AN OVERVIEW OF FEMA ACT

INTRODUCTION

The Foreign Exchange Management Act, 1999 ( FEMA) is an act of the parliament to amend and consolidate the law relating to foreign exchange trade and payment and for promoting development of foreign exchange market in India.

The Foreign Exchange Management Act (FEMA) was an act passed in the winter session of Parliament in 1999, which replaced Foreign Exchange Regulation Act. This act seeks to make offences related to foreign exchange civil offences. It extends to the whole of India.

The Foreign Exchange Regulation Act (FERA) of 1973 in India was replaced on June 2000 by the Foreign Exchange Management Act (FERA), which was passed in 1999. The FERA was passed in 1973 at a time when there was acute shortage of foreign exchange in the country.

OBJECTIVE OF FEMA ACT

The main objective of FEMA was to help facilitate external trade and payments in India. It was also meant to help orderly development and maintenance of the foreign exchange market in India. It defines the procedures, formalities, dealings of all foreign exchange transactions in India. This law’s main objective is to increase the flow of foreign exchange in India. Now , under this law , you can bring foreign currency in India without any legal barrier . According to section 3 of FEMA 2000 ,” only authorized person under the government terms can deal in foreign exchange in India .

  1. To simplify and ease the external trade and payments and reinforce the law relating to FEMA

2. To promote the systematized development and maintenance of a healthy foreign exchange market in India.

3. To remove disparity of payments.

4. To control and direct the employment business and investment of the non-residents.

5. To utilize the foreign exchange resources effectively for the country.

Features of FEMA

  1. FEMA does not apply to the Indian citizens who resides outside India. This criteria is checked by the number of days a person stays in India for more than 182 days in the preceding financial year.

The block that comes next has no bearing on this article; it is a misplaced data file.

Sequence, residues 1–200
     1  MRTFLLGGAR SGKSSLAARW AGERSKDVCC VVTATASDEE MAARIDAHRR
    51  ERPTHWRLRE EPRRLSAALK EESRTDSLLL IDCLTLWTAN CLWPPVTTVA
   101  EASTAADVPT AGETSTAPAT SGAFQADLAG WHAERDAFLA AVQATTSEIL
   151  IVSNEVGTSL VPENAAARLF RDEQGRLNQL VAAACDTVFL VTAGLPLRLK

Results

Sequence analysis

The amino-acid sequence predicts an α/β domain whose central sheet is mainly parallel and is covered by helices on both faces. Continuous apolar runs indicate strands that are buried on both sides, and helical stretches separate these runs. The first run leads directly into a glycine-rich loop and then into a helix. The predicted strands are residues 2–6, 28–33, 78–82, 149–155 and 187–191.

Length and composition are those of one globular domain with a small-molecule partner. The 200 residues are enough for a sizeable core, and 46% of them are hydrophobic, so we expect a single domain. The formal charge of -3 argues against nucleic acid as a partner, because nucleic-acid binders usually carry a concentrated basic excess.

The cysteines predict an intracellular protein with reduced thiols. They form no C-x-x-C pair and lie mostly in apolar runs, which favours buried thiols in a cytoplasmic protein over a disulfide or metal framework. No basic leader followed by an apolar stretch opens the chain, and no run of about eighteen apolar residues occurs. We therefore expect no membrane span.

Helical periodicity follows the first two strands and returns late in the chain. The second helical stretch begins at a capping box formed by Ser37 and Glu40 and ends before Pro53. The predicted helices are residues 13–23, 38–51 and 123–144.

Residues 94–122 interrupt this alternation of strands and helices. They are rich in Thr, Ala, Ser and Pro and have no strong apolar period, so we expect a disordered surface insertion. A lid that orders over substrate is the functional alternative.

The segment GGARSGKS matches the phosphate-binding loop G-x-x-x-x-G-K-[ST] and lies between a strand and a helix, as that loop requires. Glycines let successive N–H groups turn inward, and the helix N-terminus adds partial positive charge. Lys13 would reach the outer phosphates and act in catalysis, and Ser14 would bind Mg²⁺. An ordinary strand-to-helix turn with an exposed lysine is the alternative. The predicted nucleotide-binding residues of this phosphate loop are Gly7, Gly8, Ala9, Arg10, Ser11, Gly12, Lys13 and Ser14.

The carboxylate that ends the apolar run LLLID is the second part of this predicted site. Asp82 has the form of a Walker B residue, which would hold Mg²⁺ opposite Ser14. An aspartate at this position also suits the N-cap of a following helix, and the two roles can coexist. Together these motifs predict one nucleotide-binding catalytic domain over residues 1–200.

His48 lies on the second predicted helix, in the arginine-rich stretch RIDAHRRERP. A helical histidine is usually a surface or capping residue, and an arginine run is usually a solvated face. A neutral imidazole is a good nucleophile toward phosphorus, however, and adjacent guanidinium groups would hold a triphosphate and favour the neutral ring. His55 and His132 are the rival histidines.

2. Central Government has the authority given by FEMA to impose restrictions on and supervise three things which are- payments made to any person outside India or receipts from them, forex and foreign security deals.
  3. It specified the areas for holding of forex that required specific permission of the Reserve Bank of India (RBI) or the government. 
  4. FEMA classified the transaction into a current and capital account.

PROVISIONS OF FEMA ACT

  1. Dealing in foreign exchange and Holding of foreign exchange, etc.
  2. Current account transactions.
  3. Capital account transactions.
  4. Export of goods and services.
  5. Realization and repatriation of foreign exchange

CONCLUSION

In order to conclude, we can say that the objective of FERA did not quite have the effect that was envisioned and the Indian economy continued to decline. To compound matters, the strict regulatory environment created under the ‘License Raj’ dampened the Indian economy further. To mitigate the downturn, then-Finance Minister Manmohan Singh unleashed economic liberalization in 1991 and as a result, the government had to make a series of concessions to FERA’s stipulations under the new rules. These concessions made FERA largely irrelevant under the new economic regime. Eventually, the government decided to move from “currency regulation” to “currency management”, and set up FEMA. And so FERA in India was replaced by FEMA.

REFERENCES

  1. WIKIPEDIA
  2. http://www.taxguru.com

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